Notes on collections at the RIHS
War brings a new perspective to most things, including maps. The surveying for this map of the Narragansett Bay was originally undertaken in the 1760s by Charles Blaskowitz. At that time, the British government was contemplating the placement of a naval yard in Newport.* With the onset of war in the following decade, the map came to serve other purposes. Here are a few interesting details:
The map’s text includes a description of the colony of Rhode Island at the time as viewed by a British functionary (a transcription and more discussion of the map are available at the Gaspee Virtual Archives):
Idyllic descriptions of New World fecundity (“Fish of all kinds are in the greatest plenty and perfection. The horses are boney and strong, the Meat Cattle and Sheep are much the largest in America, the Butter and Cheese excellent, and every necessary of Life in Attendance”) are balanced against cultural condescension (“It has a Town House, Market House, Library and a spacious Parade, but there is few private Buildings in it worth notice”). The colony’s notable religious tolerance is also pointed out.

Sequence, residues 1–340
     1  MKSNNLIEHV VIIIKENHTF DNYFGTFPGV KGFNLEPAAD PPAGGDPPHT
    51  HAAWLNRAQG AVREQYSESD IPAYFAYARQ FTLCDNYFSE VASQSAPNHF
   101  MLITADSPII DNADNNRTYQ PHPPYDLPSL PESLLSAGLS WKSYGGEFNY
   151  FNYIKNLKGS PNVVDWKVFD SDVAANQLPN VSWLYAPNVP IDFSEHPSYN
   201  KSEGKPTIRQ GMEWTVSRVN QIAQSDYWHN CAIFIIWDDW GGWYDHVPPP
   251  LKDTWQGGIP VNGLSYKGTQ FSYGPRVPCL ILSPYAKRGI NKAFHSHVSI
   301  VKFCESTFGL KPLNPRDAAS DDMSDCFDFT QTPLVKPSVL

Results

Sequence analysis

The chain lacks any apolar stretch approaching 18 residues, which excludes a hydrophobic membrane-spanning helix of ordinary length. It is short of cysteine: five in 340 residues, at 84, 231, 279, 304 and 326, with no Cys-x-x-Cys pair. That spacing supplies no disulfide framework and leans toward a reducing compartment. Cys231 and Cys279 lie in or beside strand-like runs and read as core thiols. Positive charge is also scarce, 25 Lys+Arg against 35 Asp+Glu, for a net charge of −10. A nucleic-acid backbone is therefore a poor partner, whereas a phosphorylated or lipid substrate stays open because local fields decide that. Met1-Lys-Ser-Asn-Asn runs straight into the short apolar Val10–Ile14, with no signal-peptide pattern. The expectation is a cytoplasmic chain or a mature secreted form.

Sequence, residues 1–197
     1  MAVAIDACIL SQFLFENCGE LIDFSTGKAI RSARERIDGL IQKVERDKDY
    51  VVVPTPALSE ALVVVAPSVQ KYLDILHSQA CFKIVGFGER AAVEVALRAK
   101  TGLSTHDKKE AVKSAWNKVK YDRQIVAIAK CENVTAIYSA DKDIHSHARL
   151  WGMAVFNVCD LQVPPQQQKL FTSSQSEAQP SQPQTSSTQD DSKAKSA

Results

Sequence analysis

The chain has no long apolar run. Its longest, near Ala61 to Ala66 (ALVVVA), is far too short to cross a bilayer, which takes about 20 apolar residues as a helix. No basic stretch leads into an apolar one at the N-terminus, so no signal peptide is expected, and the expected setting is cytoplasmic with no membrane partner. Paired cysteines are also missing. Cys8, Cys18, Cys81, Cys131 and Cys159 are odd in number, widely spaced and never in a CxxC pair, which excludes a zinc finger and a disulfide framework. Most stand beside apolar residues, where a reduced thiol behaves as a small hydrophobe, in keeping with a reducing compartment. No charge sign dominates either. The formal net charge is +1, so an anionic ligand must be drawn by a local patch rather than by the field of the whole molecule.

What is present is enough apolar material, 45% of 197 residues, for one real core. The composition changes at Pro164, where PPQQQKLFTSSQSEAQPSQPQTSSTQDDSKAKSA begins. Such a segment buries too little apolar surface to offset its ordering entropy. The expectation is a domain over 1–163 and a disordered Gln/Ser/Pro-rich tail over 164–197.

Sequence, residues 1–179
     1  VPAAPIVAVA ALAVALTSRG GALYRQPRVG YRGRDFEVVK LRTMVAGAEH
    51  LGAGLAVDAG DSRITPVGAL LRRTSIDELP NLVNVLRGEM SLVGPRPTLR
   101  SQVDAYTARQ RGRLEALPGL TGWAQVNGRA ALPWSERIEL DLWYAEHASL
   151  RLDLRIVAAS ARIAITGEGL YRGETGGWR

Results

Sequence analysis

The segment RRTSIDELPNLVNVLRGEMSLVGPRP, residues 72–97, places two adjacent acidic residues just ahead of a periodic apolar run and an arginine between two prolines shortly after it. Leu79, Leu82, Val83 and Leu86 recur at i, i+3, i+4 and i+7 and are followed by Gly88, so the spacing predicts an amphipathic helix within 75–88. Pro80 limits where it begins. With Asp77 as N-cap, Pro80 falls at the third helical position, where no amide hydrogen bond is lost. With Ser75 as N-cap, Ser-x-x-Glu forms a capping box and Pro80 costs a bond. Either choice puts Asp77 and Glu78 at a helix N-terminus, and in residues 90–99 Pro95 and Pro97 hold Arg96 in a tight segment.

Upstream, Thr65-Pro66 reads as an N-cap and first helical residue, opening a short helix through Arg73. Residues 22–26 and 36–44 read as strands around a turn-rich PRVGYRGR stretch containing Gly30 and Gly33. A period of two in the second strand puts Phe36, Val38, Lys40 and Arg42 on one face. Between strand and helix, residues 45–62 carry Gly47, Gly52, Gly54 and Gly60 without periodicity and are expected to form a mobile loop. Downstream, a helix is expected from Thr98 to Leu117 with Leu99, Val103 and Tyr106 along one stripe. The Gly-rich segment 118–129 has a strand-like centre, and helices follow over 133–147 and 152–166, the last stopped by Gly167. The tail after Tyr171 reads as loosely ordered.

The map also includes details of military importance:
Not exactly Here Be Dragons, but similar in its way. The map also lists gun batteries (with the number of guns and size of cannon balls—18 or 24 pounds—they fired), principal farms and farm owners in the colony and soundings throughout the Bay. (Someone with the time might compare the soundings in 1764 with more recent numbers.)
A copy of the map in the David Rumsey Collection is, like this one, divided into 16 sections and mounted. The Rumsey copy includes images of the slipcase in which the sections were originally housed.